Download PDF version (2382.7k) Log In or Register to view the full article as a PDF document.

Integrating the Flashing

Launch Slideshow

Troubleshooting Brick Veneer

Uncovering Typical Flaws in Wall Construction

Troubleshooting Brick Veneer

Uncovering Typical Flaws in Wall Construction

  • Figure 6. Destructive inspections from inside (A, B) and out (C, D) often reveal the cause of moisture, stains, and mold on interior finishes: The cavity is clogged with mortar, which holds water that eventually soaks the sheathing, framing, insulation, and drywall.

    http://www.jlconline.com/Images/tmp25B4%2Etmp_tcm96-1532156.jpg

    true

    Figure 6. Destructive inspections from inside (A, B) and out (C, D) often reveal the cause of moisture, stains, and mold on interior finishes: The cavity is clogged with mortar, which holds water that eventually soaks the sheathing, framing, insulation, and drywall.

    600

    © McCampbell & Associates

    Opening up the wall sheathing from inside the house reveals a cavity behind the brick veneer clogged with mortar. Where this defect occurs, the excess mortar absorbs moisture migrating from the outside of the brick, which eventually damages sheathing and can cause mold and rot to occur in framing and interior finishes.

  • Image

    http://www.jlconline.com/Images/tmp25B5%2Etmp_tcm96-1532160.jpg

    true

    Image

    600

    © McCampbell & Associates

    Another instance of a mortar-clogged cavity is revealed by punching through sheathing from inside the building.
  • Image

    http://www.jlconline.com/Images/tmp25B6%2Etmp_tcm96-1532164.jpg

    true

    Image

    600

    © McCampbell & Associates

    Removing a brick from the outside wall provides further evidence of mortar in the cavity behind the veneer.
  • Image

    http://www.jlconline.com/Images/tmp25B7%2Etmp_tcm96-1532169.jpg

    true

    Image

    600

    © McCampbell & Associates

    Removing brick from a corner further reveals mortar in the cavity and a compromised moisture retarder.
  • Figure 7. Randomly placed weeps (top) serve no purpose because theres no through-wall flashing to divert the water. Weeps drilled out after the brick is in place are a sure sign of missing flashing (above).

    http://www.jlconline.com/Images/tmp25B8%2Etmp_tcm96-1532175.jpg

    true

    Figure 7. Randomly placed weeps (top) serve no purpose because theres no through-wall flashing to divert the water. Weeps drilled out after the brick is in place are a sure sign of missing flashing (above).

    600

    © McCampbell & Associates

    Randomly placed weeps serve no purpose because there’s no through-wall flashing to divert the water.
  • Image

    http://www.jlconline.com/Images/tmp25B9%2Etmp_tcm96-1532180.jpg

    true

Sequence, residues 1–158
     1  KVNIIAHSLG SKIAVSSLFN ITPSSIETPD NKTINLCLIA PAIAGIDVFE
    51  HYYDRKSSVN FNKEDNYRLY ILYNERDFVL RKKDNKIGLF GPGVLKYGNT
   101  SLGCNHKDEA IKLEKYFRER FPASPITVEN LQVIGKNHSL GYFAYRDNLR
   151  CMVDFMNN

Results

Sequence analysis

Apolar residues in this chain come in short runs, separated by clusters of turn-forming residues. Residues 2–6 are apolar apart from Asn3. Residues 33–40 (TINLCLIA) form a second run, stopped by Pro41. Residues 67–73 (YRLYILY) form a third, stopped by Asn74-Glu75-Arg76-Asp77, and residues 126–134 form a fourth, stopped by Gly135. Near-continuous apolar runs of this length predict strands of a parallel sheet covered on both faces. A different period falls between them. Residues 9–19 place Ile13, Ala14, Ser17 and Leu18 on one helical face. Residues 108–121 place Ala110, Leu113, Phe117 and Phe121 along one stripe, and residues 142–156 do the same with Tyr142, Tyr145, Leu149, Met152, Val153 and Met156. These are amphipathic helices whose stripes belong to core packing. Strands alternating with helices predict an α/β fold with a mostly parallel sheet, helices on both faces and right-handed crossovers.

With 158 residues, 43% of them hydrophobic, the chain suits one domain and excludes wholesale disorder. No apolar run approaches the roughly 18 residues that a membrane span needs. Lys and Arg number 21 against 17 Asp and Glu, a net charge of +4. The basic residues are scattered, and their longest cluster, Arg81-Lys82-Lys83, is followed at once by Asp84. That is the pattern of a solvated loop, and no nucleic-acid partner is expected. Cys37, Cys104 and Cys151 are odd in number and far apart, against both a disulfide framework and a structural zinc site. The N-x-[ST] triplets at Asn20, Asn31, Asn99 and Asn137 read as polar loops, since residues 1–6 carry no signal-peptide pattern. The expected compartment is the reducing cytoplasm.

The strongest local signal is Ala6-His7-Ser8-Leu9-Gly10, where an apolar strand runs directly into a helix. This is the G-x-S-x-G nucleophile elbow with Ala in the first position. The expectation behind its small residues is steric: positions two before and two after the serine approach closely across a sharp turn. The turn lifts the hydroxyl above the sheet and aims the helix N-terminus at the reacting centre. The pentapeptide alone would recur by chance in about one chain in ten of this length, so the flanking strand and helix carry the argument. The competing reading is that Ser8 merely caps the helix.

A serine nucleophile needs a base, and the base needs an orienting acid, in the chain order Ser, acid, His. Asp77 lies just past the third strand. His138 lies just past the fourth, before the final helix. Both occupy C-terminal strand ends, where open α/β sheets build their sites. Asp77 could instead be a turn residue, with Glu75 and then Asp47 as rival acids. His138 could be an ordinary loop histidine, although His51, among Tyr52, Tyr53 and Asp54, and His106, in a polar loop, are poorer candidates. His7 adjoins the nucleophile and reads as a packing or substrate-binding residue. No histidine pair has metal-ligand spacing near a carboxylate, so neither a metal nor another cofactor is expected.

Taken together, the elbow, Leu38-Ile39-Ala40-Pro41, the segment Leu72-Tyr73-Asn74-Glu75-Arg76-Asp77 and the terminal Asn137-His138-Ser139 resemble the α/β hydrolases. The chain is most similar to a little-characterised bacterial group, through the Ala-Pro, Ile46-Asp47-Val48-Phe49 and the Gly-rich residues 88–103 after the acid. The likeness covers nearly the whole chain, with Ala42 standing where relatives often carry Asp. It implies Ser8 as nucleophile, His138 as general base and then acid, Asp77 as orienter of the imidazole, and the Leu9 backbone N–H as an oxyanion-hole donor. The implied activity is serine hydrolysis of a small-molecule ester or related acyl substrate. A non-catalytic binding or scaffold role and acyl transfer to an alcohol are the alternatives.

Image

    600

    © McCampbell & Associates

    Weeps drilled out after the brick is in place are a sure sign of missing flashing.

Through-wall flashing should extend to the outer face of the brick. Anything short of that is that much less effective at getting the water out. And the back upper leg must be placed under the layers of building paper that protect the sheathing.

Building paper. In my opinion, brick — like stucco — should be installed over two moisture barriers. I like to see a layer of 30-pound felt covered with a plastic housewrap like Typar or Tyvek. That way, the Tyvek protects the felt from the sun during construction. The housewrap acts as a first line of defense against any moisture that might be held by excess mortar in the cavity; the thick felt ensures that the moisture is held at bay until it can evaporate.

There are several new construction materials that claim to be a combination structural sheathing and moisture barrier. Even if these products meet the requirements from a structural standpoint and pass the moisture-resistance tests, their ability to properly shed moisture at critical points depends on adhesives. Unfortunately, peeling flashing tape is all too common, in my experience. The tapes lose their tack and begin to roll down along the top of a window; ironically, the same material that was being relied on to keep water out now traps it. There are of course various primers that can be applied to improve adhesion, but their chances of being used are slim to none.

If you insist on relying on tape over housewrap, at least make sure that both products come from the same manufacturer and that you explicitly follow the installation instructions. (Don’t use your client as a guinea pig!)

Keep the Cavity Clean

If wall cavities were created in a perfect world, they would be just that — cavities. The mortar, and any water it holds, would stay completely away from the felt or housewrap that guards the wall sheathing. But since masons are usually pressed to do their jobs as quickly as possible, excess mortar on the back of the brick will naturally collect along the bottom of this cavity. As a precaution, always make sure that the back leg of the through-wall flashing at the base of the wall reaches above the likely level of the mortar droppings — 8 inches is good for a single-story house, more for additional stories. 

There are some new plastic mesh products designed to catch mortar droppings above the bottom of the cavity so as to keep the weep holes clear. One possible problem with this approach is that the mortar may collect above the back leg of the base flashing, so if you use a mortar mesh you have to make sure the flashing extends above the point where the mortar might collect.